Jamaica: Second Supplementary Estimates Reveal Budget up By $11 Billion

The Andrew Holness administration has allocated an additional $1.5 billion for the maintenance of secondary roadways for the current fiscal year.

Further, the Government has increased, by $1 billion, the budgetary allocation for what it described as islandwide disaster mitigation.

At the same time, another $1.7 billion has been slashed from the Southern Coastal Highway Improvement Project, an ambitious undertaking through which approximately 110 kilometres of roadway between Harbour View in east Kingston and Port Antonio in Portland is to be rehabilitated.

The revised spending was included in the Second Supplementary Estimates for the current fiscal year, which was tabled in the House of Representatives yesterday by Finance Minister Dr Nigel Clarke.

It projects an $11-billion increase in the 2018-2019 Budget, with just over $10.2 billion going towards recurrent or housekeeping expenses and $1.3 billion going towards capital projects.

According to the Second Supplementary Estimates, the Government now plans to spend just over $802.5 billion this fiscal year, compared with the $791 billion that was projected in the First Supplementary Estimates and the $773 billion that was projected when the Budget was passed last March.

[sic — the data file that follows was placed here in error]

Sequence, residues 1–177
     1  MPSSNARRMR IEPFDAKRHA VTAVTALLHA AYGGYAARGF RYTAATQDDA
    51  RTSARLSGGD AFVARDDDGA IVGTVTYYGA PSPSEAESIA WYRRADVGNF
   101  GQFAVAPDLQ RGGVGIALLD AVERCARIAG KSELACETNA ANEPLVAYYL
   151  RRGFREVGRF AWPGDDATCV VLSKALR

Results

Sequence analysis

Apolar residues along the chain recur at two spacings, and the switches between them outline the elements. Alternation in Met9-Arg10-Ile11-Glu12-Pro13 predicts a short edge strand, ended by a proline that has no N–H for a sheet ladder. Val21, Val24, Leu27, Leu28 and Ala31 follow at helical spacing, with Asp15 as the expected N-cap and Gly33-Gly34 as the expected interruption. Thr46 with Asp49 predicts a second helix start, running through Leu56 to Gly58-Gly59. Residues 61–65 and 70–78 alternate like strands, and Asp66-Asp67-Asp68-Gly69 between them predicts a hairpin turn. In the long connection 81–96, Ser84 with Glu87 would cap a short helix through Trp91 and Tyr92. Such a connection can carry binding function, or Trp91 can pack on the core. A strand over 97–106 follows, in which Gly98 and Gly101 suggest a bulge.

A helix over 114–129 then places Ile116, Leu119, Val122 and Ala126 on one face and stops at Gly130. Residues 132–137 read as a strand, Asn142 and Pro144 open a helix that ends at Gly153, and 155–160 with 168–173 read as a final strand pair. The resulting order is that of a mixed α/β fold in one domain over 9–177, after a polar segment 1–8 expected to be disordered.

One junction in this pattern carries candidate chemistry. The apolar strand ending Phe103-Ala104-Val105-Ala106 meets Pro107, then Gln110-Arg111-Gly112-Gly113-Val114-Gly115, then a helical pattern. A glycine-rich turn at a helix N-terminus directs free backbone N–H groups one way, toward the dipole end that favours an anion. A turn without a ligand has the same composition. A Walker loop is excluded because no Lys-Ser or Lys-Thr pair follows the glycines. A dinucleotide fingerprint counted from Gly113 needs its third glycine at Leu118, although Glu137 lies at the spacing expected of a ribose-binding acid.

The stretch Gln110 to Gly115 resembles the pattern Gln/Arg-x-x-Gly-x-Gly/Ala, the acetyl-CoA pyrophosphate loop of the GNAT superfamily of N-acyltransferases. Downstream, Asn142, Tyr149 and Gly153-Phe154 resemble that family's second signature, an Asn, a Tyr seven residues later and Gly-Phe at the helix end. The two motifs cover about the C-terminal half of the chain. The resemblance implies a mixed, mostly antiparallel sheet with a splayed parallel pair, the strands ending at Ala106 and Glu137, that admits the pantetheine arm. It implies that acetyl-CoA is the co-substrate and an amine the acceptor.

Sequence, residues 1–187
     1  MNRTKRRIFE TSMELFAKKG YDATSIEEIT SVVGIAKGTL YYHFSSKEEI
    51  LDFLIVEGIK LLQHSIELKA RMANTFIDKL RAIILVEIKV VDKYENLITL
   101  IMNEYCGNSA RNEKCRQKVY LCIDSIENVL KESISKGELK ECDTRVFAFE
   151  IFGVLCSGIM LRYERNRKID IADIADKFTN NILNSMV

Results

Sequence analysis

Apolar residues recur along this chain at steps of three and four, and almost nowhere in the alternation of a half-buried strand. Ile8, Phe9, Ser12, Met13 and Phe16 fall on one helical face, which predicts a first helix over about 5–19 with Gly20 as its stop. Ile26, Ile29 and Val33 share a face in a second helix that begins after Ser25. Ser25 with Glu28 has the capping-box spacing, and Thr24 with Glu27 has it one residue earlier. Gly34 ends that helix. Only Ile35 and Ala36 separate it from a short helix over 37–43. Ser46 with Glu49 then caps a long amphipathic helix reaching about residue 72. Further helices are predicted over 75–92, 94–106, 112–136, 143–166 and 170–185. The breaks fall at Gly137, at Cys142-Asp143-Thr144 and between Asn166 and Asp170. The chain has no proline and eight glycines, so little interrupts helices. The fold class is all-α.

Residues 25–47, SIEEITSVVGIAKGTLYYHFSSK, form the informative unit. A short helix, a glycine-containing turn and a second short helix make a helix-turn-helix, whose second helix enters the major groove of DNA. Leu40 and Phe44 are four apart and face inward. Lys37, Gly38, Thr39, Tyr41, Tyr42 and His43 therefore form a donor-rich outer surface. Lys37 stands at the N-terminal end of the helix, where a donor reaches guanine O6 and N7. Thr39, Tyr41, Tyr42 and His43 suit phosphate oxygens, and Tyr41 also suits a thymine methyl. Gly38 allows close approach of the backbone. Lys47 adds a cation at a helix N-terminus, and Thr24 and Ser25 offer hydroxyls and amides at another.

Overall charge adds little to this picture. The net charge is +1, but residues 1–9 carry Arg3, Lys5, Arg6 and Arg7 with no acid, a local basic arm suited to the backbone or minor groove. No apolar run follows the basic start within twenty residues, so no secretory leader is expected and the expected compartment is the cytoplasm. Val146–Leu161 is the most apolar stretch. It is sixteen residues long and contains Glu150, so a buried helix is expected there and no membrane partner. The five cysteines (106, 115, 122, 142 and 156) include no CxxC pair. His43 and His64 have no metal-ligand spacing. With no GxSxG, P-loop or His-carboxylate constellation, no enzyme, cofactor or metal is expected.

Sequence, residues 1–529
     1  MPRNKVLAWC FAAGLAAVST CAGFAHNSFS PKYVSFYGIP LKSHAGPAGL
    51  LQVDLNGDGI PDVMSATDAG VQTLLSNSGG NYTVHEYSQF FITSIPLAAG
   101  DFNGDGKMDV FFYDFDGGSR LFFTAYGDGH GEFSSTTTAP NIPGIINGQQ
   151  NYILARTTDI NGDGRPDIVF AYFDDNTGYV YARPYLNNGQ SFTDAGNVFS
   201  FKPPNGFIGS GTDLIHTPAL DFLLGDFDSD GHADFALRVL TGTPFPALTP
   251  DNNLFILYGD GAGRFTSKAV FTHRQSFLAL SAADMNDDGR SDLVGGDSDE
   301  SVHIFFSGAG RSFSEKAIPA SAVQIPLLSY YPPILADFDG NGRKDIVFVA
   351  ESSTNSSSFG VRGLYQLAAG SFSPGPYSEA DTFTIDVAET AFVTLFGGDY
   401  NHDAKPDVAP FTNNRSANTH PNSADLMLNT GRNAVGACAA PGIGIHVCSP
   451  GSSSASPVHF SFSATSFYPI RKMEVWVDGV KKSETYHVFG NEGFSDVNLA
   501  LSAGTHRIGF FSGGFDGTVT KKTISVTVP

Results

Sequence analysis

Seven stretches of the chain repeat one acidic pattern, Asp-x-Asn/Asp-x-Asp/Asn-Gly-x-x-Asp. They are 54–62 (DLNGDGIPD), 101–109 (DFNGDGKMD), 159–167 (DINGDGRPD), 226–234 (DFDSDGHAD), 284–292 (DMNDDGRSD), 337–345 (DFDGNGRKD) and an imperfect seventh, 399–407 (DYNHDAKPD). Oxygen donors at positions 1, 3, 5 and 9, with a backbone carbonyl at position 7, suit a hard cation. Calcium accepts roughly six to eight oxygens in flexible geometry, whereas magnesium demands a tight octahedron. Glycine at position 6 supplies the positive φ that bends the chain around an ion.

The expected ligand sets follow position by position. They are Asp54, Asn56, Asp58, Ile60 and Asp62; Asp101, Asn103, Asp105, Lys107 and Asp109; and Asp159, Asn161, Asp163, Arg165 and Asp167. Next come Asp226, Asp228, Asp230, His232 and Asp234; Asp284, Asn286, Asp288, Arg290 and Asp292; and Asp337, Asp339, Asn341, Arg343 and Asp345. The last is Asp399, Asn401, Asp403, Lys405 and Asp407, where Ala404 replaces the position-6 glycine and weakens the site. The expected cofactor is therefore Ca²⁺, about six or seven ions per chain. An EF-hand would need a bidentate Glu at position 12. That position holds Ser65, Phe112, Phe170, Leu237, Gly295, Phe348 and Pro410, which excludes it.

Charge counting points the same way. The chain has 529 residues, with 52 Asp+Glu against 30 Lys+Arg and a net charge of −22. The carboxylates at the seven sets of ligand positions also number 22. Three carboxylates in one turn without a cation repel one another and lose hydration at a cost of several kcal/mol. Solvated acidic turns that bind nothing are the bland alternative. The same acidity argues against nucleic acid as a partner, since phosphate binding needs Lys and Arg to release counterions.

Clarke indicated that the latest estimates will be reviewed by the Public Administration and Appropriations Committee on Thursday.

A breakdown of the additional $1.5 billion allocated for the maintenance of secondary road shows that $1.2 billion has been set aside for the “islandwide Special Road Repairs Programme”; $200 million for the clearing of drains; and $150 million for the removal of landslides, patching “and other repairs to roads affected by rain events”.

However, Opposition Spokesman on Works Mikael Phillips told The Gleaner late yesterday that this allocation needs to be explained.

“Is this money owed for work done or is it for a new programme? We would expect that the details of the programmes would be shared with the public,” said Phillips, the Member of Parliament for North West Manchester.

According to the Second Supplementary Estimates, the additional $1 billion allocated for islandwide disaster mitigation is to cover the costs of bushing and the cleaning of drains and gullies, among other things.

Phillips said this, too, needs further clarity.

When the Budget was approved by the Parliament in March 2018, $3.6 billion was set aside to carry out the Southern Coastal Highway Improvement Project. The allocation for the project now stands at $490 million following cuts of $1.4 billion and $1.7 billion in the first and second Supplementary Estimates.

The Second Supplementary Estimates attributed the reduction to “slower than programmed project implementation”.

For Phillips, the decrease raises questions.

“The further reduction in the amount set aside for the Southern Coastal Highway Project leaves us to ask the question whether the Government was ever in a position to start this project in this financial year,” Phillips stated.

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